When you’re dragged away from your hobby space, those Space Marines aren’t going to paint themselves. Here are some tips to keep the hobby wheels turning while on the move.
Much as you’d like, you probably can’t take your full range of paints with you, unless you take a spare suitcase. Take just a few similar miniatures, a squad for example, and work in specific colours. It’s best to prime them first to save mucking about with sprays. This trip, I’m working on green armour for my Salamanders so I brought a range of greens and any colours I mix with them to get the effect.
Pack ‘Em Tight
While miniatures are getting more dynamic poses and, if you’re into Chaos, spikes, these bits can be fragile and break off easily. I wrap each miniature, or sub-assembly, in bubble-wrap and pack them into a small, cardboard box within my case for that added protection. If you can wrap the box in some clothes, all the better.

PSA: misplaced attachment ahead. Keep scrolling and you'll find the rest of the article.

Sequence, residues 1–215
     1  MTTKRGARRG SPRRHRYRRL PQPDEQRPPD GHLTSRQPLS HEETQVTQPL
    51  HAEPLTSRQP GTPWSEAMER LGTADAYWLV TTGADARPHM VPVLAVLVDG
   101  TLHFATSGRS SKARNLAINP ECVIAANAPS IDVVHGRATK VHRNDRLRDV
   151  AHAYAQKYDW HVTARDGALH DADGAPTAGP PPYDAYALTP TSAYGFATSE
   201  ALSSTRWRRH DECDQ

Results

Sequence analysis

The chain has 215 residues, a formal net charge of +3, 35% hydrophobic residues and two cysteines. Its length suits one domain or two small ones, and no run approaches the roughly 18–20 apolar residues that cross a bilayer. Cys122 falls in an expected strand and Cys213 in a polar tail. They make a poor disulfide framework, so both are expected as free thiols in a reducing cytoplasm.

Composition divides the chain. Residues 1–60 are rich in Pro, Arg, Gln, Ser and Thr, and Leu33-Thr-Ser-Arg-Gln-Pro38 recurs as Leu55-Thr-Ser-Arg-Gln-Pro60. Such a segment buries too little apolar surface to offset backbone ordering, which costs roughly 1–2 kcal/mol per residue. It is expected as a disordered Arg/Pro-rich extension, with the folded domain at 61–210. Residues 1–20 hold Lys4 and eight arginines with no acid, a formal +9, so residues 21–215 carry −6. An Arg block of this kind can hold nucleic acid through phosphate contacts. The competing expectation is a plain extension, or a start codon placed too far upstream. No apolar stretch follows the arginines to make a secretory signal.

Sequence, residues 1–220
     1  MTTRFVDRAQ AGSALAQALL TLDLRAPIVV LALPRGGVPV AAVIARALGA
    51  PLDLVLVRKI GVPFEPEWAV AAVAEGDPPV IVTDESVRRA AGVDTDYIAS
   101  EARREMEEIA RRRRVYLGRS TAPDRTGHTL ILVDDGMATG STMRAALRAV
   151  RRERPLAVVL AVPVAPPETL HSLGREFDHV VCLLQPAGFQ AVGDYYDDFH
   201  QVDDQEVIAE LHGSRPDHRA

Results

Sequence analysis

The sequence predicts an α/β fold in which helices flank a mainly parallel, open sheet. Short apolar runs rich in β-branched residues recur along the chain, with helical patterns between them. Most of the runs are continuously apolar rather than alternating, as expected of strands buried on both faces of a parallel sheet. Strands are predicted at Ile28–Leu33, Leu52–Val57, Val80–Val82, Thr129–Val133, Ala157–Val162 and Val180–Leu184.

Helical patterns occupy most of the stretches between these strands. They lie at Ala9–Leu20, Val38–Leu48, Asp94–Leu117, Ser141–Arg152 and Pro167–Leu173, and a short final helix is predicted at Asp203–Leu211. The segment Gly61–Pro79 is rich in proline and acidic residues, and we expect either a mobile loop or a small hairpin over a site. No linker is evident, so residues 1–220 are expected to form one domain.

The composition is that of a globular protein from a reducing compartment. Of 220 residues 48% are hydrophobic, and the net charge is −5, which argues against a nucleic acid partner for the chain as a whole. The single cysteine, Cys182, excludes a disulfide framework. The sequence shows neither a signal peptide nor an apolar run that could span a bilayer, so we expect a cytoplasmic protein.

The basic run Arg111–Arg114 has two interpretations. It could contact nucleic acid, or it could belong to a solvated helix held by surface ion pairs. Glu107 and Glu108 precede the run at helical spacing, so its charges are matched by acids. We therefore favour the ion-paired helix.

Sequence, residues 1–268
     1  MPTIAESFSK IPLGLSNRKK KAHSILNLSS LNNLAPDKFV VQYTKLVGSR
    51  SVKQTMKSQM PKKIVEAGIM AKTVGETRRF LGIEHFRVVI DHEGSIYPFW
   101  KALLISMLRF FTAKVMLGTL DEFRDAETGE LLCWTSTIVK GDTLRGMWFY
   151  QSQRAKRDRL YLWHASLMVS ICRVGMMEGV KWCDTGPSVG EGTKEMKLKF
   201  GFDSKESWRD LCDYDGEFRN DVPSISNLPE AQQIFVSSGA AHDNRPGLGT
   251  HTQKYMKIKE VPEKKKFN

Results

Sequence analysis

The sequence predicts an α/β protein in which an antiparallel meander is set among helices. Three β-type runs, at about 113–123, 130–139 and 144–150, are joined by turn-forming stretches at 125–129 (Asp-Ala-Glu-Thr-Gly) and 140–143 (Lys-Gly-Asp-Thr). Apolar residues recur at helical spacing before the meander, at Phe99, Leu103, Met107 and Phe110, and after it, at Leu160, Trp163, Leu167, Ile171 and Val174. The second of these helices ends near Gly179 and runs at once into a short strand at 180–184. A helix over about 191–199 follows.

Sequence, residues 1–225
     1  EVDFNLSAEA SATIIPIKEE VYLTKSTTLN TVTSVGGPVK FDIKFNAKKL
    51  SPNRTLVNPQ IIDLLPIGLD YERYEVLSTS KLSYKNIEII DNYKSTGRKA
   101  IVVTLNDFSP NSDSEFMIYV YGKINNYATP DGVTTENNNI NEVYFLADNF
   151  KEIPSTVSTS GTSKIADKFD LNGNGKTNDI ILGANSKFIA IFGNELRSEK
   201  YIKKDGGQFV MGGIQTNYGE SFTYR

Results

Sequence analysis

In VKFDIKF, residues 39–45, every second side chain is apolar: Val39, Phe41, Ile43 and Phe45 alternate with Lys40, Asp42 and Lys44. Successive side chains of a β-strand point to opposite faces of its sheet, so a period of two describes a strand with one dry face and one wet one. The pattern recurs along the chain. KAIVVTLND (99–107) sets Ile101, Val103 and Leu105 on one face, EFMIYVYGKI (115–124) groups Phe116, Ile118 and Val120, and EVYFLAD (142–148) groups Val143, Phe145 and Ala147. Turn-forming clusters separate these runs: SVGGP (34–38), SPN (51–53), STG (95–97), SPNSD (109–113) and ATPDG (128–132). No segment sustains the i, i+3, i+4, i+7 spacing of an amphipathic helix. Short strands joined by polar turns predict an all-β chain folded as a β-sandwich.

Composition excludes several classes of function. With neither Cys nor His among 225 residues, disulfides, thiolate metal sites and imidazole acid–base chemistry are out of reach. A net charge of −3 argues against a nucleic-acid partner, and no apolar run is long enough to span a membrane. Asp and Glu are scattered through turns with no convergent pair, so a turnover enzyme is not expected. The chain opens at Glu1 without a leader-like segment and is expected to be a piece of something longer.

Separate the Paint
Keep the paints away from everything. You don’t need the bubble-wrap, but put them in a plastic bag so that if there are any spillages, the paint stays in the bag and not on your clothes.
Another tip if you’re using Citadel paints in particular is to clean out that ring of dried paint you always get around the lid. True, it’s a time-consuming pain to do it but it will help keep the lid on tighter and reduce the chance of a pot bursting open.
Protect the Brushes
Don’t just stuff your brushes in there. You’ll want them to keep their points. Use the plastic sleeve you get when you buy your brush and tuck it in somewhere safe.
If you have plenty of space – say, if you’re driving not flying – you can always try the Citadel Project Box. It’s made for exactly this purpose and has places for all your gubbins like brushes, modelling tools and the like.
Choose Your Hobby Space
Now that you’ve arrived with miniatures in-tact and your paints still in their pots, you’re good to go. Find somewhere with plenty of light and put brush to miniature. Yogurt pots make fine water pots (one for cleaning brushes, one for thinning paints) and you can turn any old card or plastic into a dry palette.
Happy hobby time!